Debunking Collagen

If you’re a vegan who frequents the fitness or beauty communities, you may be feeling frustrations surrounding the newest non-vegan holy relic: collagen. From body builders promoting their post-workout collagen dosing routine, to beauty gurus posting photos of their collagen gummy hair routine, demand for collagen is skyrocketing in 2020 and the market is projected to grow into the next five years. Thanks to social media, influencers, and brand marketing, collagen pills, potions, and coffee are trending in a big way. But, what is collagen and are vegans missing out?

What Is Collagen & How Does It Work?

Collagen is the most abundant protein in the body. “It’s one of the major building blocks of bones, skin, muscles, tendons, and ligaments. Collagen is also found in many other body parts, including blood vessels, corneas, and teeth” (Healthline). It provides structure to the various parts of your body, as well as cushioning for joints, and filtration for skin. It has become an increasingly popular product because of brands touting its positive impacts on skin, hair, and for fitness.

Collagen-related disorders such as Ehlers Danlos Syndrome (EDS) demonstrate the importance of collagen to the body. In forms of EDS, there are mutations in the collagen that leads to difficulties such as hyper-mobility in joints causing weakness and frequent dislocation, very loose skin, increased bruising, vascular challenges, and chronic pain.

Your body naturally produces its own collagen from amino acids glycine and proline, and vitamins C and copper. By consuming the building blocks of collagen, you can increase your collagen production. Likewise, deficiencies in any of these amino acids or vitamins and minerals will inhibit collagen production. When you take collagen in its synthesized form, your body absorbs it into the blood and redistributes to the needed areas.

Collagen supplements are taken in various forms: pills, powders (often mixed with coffee for instagramable posts), edible gummies (ditto, instagram), creams and lotions, shampoos and conditioners, etc. You can certain, product designers have come up with as many methods as possible to sell you collagen.

What is all the hype really about and is there any validity to it? Let’s explore the most popular uses of collagen and their backing studies.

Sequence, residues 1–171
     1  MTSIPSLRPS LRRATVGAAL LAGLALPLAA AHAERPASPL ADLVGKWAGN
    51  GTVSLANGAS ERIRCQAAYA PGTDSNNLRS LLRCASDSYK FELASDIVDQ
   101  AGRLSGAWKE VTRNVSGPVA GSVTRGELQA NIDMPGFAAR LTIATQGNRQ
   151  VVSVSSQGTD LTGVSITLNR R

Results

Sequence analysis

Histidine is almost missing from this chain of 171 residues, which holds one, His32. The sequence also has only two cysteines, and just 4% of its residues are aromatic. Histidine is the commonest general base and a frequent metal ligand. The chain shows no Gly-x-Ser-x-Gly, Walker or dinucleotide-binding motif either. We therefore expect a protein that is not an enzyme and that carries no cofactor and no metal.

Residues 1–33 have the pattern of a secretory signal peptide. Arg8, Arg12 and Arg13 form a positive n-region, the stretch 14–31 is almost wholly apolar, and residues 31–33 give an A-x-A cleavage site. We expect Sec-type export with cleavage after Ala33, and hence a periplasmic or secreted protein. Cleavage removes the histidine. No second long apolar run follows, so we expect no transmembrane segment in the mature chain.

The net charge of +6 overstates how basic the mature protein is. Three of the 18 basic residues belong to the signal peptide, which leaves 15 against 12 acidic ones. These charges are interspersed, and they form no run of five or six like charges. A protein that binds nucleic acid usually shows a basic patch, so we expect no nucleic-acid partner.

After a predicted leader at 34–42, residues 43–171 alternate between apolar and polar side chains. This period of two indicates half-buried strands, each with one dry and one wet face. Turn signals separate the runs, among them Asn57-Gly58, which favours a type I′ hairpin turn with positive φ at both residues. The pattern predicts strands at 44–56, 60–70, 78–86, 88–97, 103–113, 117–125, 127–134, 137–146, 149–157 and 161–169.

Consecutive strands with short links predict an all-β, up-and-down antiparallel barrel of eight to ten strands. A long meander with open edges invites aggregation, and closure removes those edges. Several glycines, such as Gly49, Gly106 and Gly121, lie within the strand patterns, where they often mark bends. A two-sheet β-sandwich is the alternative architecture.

Before moving forward, it is important to note that there are not years of study on consumption of collagen supplements, as it is a newer trend. Preliminary studies, however, do show some positive impacts of supplementation such as encouraging muscle mass growth, slowing arthritis, and restoring skin elasticity (Healthline).

Impacts of Collagen on: Skin

Perhaps the most popular reason for ingesting synthesized collagen is the belief that it will help the health and look of skin (and hair). This is also the area of study with the most positive findings. One often-cited study in Germany blind-tested a group of 72 women, ages 35 years and older, using a placebo group, on the effects of a drinkable collagen-based product (including vitamin C and biotin) over 12 weeks. The study found significant improvements in skin hydration, elasticity, roughness, and density, and that the impacts lasted beyond treatment.

It’s hard to understand these findings as conclusive, however, given the minimal size and diversity of the test group–how does it impact men? It does seem that the benefits are significant, so interpret as you like. (Read the study here to make your own determinations.) I do think it is necessary to take note of the fact that the test product included ingredients in addition to the collagen peptides that have also been known to produce positive effects on skin and hair. How do we attribute the benefits accurately in this case?

Certainly, the internet is chock full of personal anecdotes and testimonials. I absolutely wouldn’t want to invalidate those experiences. Collagen is a necessary protein in the body not least of all for skin health. However, would we see the same positive impacts in healthy individuals without collagen deficiencies?

“Before and after” from pro-collagen blogger here

Impacts of Collagen on: Muscles & Fitness

The collagen trend is perhaps most heavily promoted now by fitness and workout culture. In fact, the idea for writing this post came my fitness-focused sister because of the social media posts she was seeing from fitness influencers. There don’t appear to be that many official studies into the impacts of collagen supplements on exercise recovery and improvement. There are a great many cases of anecdotal evidence and brand-promoted testimonials, however. The study that came up in research is not especially thorough. This study (double-blind with a placebo group) was done with 25 young men (cis-men, I assume) for a 12-week period using a collagen product in pill form taken after exercise. (The exercise was regulated and consistent across test subjects.) The study found only slightly more increased strength levels in the men consuming collagen versus the placebo group. The only significant finding of note to the researchers was the increase of proteins in those taking collagen; “221 higher abundant proteins [compared with] only 44 higher proteins.” This is understood by the researchers to amount to increased muscle strength and mass from collagen supplementation.